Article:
South Africa: The eighth King of the Zulu Nation has died at the age of 72, the Royal House announced.

King Zwelithini was last month admitted to hospital due to “unstable glucose levels.”, the family said. He was known to have been a diabetic. He is survived by six wives and 28 children. 

Among them is Prince Mangosuthu Buthelezi, who revealed in a statement, “It is with utmost grief that I inform the nation of the passing of His Majesty King Goodwill Zwelithini Kabhekuzulu, King of the Zulu nation. Tragically, while still in [the] hospital, His Majesty’s health took a turn for the worse and he subsequently passed on in the early hours of this morning…. On behalf of the Royal Family, we thank the nation for your continued prayers and support in this most difficult time.” 

King Zwelithini who was crowned as the eighth monarch of the Zulu Nation in December 1971 is the longest-serving monarch of the Zulu Kingdom. He was appointed to the throne just at the age of 20 following the death of his father, King Cyprian Bhekuzulu kaSolomon in 1968. 

King Zwelithini was not immediately appointed as king until three years later.  Between 1968 to 1971, the monarch feared that the young king, at only 20 years, would be assassinated if immediately crowned.  King Zwelithini was thus taken to St Helena for three years while Prince Israel Mcwayizeni kaSolomon acted as the regent from 1968 to 1971.

King Zwelithini was one of the most eminent monarchs on the continent and perhaps globally. He led the 11 million-strong Zulu Nation which amounts to about 18% of South Africa’s population. Despite being the king of the strong Zulu Nation, the King also has family links to the Swazi and Xhosa Nations through marriage and is highly respected by other cultural groups in South Africa.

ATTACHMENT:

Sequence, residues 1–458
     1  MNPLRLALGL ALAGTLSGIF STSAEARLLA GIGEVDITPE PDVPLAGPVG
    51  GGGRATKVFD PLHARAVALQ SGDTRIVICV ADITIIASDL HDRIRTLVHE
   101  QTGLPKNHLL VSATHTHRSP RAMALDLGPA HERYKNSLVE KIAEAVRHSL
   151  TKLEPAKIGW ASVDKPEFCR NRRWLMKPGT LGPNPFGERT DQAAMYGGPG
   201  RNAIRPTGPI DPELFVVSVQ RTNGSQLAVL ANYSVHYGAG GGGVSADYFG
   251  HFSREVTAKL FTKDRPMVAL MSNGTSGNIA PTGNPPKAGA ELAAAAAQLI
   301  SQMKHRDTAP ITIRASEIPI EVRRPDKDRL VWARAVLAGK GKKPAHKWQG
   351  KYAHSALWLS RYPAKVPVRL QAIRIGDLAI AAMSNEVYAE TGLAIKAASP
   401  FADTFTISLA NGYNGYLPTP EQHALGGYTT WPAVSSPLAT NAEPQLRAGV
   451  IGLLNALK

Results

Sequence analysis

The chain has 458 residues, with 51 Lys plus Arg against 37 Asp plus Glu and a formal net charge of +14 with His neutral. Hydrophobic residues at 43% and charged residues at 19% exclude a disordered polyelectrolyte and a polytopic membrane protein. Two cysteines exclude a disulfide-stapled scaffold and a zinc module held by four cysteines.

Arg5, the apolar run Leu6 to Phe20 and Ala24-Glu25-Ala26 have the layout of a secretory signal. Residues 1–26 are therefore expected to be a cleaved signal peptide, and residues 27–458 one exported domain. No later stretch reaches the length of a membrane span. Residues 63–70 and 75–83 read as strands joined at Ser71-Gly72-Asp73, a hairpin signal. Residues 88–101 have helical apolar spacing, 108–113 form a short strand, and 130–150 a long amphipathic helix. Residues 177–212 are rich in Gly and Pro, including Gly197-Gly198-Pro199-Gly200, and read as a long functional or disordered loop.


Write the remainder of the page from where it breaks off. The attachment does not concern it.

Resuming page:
It is not yet made known if the King had appointed a successor among his many children. However, his eldest son, Prince Misuzulu Zulu who is married to Mantfombi Dlamini, the daughter of King Sobhuza II of Swaziland is most likely to succeed him. 

The Role of The Zulu King in South Africa

The 1996 Republican Constitution in South Africa established Traditional Leadership. The clause sought among other things to recognize the authority of the African indigenous political organization. 

Chapter 12 of the Constitution gives recognition to the institution, status, and role of traditional leadership. Traditional leadership deals with matters relating to traditional leadership, the role of traditional leaders, customary law, and the customs of communities observing a system of customary law in South Africa. 

Although the constitution makes the role of the King largely ceremonial, and it is incumbent upon him to act on the official advice of the provincial premier, the king was highly influential with the political spheres in South Africa.

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